Alice Neel Self Portrait 1984
Alice Neel Self Portrait 1984

We are so lucky Peter Schjeldahl is still writing art criticism for The New Yorker. He enriches our lives with each column. I keep thinking eachwill be his last.

And how can it be that Roberta Smith, one of the sole art critic champions of Philip Guston’s late sixties work (at the time), can still be at the top of her game, writing for the New York Times. Alice Neel has been one of my favorite painters since I first laid eyes on her work. Neel is the subject of a retrospective and Ms. Smith knocks it out of the park with her review of the show.

“It is said that the future is female, and one can only hope. But it is important to remember that the past, through continuous excavation, is becoming more female all the time. The latest evidence is the gloriously relentless retrospective of Alice Neel (1900-1984), the radical realist painter of all things human.”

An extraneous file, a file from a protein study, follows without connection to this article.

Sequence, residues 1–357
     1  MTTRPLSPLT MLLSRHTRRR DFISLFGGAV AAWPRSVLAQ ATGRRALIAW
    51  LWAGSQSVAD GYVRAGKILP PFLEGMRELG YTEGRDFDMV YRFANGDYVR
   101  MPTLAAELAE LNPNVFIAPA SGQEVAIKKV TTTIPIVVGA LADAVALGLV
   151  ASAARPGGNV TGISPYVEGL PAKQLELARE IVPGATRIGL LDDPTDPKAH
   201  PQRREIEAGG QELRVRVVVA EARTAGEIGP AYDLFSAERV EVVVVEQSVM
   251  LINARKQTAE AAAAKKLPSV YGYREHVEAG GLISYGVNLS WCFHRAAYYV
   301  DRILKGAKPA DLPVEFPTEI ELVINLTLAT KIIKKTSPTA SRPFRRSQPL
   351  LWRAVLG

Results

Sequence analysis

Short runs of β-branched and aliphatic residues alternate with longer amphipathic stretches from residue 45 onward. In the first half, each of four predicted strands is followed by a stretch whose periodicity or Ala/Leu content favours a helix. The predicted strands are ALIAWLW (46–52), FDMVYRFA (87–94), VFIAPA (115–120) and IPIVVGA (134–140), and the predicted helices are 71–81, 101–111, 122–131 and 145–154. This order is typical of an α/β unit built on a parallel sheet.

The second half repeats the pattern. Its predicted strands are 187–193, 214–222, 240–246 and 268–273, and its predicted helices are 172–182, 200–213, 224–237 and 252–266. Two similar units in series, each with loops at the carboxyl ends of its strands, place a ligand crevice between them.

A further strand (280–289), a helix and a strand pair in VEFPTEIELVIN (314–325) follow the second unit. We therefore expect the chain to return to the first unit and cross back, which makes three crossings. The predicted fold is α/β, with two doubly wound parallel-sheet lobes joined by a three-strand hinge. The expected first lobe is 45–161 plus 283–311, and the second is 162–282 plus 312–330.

We saw a Alice Neel show in Chelsea at Zwirner in 2012 and a few paintings at the Met Breuer in 2016. And twenty years ago, at the last Neel retrospective at the Whitney, we ran into Chuck Close where he and the guy pushing his wheelchair were hogging our view of a Neel painting. I was getting upset at how long they were taking and then backed off when I realized it was Close.

The Eastman has a Maplethorpe portrait of Alice which they’ve pulled out a few times over the years. That is about as close as we can get to her in this town.

Listen to “Alice” by Margaret Explosion

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